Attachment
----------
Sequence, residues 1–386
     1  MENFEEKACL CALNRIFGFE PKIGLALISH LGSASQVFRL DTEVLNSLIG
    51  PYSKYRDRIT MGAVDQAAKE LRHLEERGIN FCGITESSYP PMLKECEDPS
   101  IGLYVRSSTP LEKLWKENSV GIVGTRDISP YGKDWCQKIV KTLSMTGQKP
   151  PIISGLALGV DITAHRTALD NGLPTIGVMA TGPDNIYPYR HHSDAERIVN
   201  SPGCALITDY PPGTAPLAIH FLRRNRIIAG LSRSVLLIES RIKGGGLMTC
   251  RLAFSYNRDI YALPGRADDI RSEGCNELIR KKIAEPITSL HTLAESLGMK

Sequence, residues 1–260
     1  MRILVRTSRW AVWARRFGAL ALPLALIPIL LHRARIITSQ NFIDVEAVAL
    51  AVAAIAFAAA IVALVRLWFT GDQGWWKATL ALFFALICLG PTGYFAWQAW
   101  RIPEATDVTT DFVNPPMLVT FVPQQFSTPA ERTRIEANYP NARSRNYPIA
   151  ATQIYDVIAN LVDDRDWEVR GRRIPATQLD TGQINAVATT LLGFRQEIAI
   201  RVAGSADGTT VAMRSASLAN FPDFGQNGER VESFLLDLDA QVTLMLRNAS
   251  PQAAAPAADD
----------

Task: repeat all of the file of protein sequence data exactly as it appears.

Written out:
Sequence, residues 1–386
     1  MENFEEKACL CALNRIFGFE PKIGLALISH LGSASQVFRL DTEVLNSLIG
    51  PYSKYRDRIT MGAVDQAAKE LRHLEERGIN FCGITESSYP PMLKECEDPS
   101  IGLYVRSSTP LEKLWKENSV GIVGTRDISP YGKDWCQKIV KTLSMTGQKP
   151  PIISGLALGV DITAHRTALD NGLPTIGVMA TGPDNIYPYR HHSDAERIVN
   201  SPGCALITDY PPGTAPLAIH FLRRNRIIAG LSRSVLLIES RIKGGGLMTC
   251  RLAFSYNRDI YALPGRADDI RSEGCNELIR KKIAEPITSL HTLAESLGMK

Sequence, residues 1–260
     1  MRILVRTSRW AVWARRFGAL ALPLALIPIL LHRARIITSQ NFIDVEAVAL
    51  AVAAIAFAAA IVALVRLWFT GDQGWWKATL ALFFALICLG PTGYFAWQAW
   101  RIPEATDVTT DFVNPPMLVT FVPQQFSTPA ERTRIEANYP NARSRNYPIA
   151  ATQIYDVIAN LVDDRDWEVR GRRIPATQLD TGQINAVATT LLGFRQEIAI
   201  RVAGSADGTT VAMRSASLAN FPDFGQNGER VESFLLDLDA QVTLMLRNAS
   251  PQAAAPAADD